VR, skill-based games hitting casino floors in Nevada and beyond — but are gamblers asking for them?

Nick Khin, IGT chief commercial officer of gaming.

Nick Khin, IGT chief commercial officer of gaming.

RENO, Nev. — You’re perched high on top of a castle — your castle — as hordes of faceless warriors storm its walls.

You’re flinging flaming arrows at the attackers.

You’re a knight, nobly defending your kingdom.

OK, it just feels that way. You’re actually sporting goggles and gripping controllers, playing a virtual reality game. But you’re transport to a medieval battle isn’t taking place at home, or at a friend’s house, or even at an arcade.

These VR experiences are taking place on casino floors, where the VR games may be fantasy, but the money on the line is very real. This game, “Seige,” is a product of International Game Technology (IGT), the Reno-headquartered company that develops, manufactures and distributes gaming technology.

This past spring, IGT developed The Virtual Zone, booths for players to try their hand at archery-themed VR games, as the company and casino industry as a whole look to evolve with changing gambling habits.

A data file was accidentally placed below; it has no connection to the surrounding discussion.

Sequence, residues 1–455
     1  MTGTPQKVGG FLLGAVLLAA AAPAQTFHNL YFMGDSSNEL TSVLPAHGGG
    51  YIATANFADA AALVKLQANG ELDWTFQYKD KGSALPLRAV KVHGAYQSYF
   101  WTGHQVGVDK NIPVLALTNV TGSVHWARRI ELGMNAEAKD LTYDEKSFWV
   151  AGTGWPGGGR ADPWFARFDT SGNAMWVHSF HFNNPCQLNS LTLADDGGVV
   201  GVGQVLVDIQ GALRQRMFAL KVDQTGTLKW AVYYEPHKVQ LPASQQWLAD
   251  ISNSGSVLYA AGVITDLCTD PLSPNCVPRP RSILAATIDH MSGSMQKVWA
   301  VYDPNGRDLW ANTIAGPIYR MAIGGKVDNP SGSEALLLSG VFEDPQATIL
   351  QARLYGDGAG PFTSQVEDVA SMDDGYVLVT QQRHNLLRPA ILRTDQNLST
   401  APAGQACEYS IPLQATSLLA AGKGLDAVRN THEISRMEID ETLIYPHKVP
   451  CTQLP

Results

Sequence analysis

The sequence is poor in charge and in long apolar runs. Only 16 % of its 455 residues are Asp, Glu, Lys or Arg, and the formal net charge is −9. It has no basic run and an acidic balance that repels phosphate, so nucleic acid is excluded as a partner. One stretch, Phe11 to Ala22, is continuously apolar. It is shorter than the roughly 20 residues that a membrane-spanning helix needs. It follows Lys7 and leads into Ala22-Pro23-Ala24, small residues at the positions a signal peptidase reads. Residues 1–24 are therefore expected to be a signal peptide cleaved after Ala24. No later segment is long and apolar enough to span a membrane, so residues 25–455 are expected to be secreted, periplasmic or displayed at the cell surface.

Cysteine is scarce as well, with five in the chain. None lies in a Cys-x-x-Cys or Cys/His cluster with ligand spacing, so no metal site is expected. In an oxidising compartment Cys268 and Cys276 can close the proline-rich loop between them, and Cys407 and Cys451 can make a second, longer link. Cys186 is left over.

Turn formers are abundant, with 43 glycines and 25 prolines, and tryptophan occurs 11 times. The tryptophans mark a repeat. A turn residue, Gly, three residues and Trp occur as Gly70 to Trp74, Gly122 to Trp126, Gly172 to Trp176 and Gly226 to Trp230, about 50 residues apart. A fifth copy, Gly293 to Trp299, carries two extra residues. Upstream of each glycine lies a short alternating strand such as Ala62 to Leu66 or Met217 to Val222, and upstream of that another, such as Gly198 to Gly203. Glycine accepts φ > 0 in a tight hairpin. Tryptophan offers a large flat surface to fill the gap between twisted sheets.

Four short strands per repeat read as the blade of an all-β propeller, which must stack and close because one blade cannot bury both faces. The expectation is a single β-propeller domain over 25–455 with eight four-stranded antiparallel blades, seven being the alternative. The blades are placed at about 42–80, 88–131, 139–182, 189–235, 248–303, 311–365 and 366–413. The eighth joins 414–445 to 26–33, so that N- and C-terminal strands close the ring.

So far ... ‘a mixed response’

Indeed, the days of yanking down on a levered slot machine that rattles and rings are deep in the rear-view. On the horizon — for a certain demographic of gambler, at least — are immersive experiences with 4D, VR and skill-based gaming machines.

But are these cutting-edge games being embraced by casino players, from millennials to Baby Boomers? Gaming tech companies like IGT and casino executives in Northern Nevada are still trying to figure that out.

“It’s received a mixed response, in all honesty,” Nick Khin, IGT chief commercial officer of gaming, told the NNBV regarding the company’s VR gaming solution. “We’re still looking at the technology and how to best use it in a gaming context.”

This begs the question: How do you gamble real money while playing a virtual reality game? For “Seige,” two players shoot virtual arrows toward attackers to earn a combined score, with the goal of notching a prize-winning place on the leaderboard, according to IGT.

“We’ve certainly had a solution and we put it out there and tested it,” Khin said.

IGT said it did not have any metrics to share on the virtual zone, which is currently no longer in any Nevada casinos; according to media reports, the company initially rolled out a pair of competitive VR archery games at The Orleans Hotel & Casino in Las Vegas.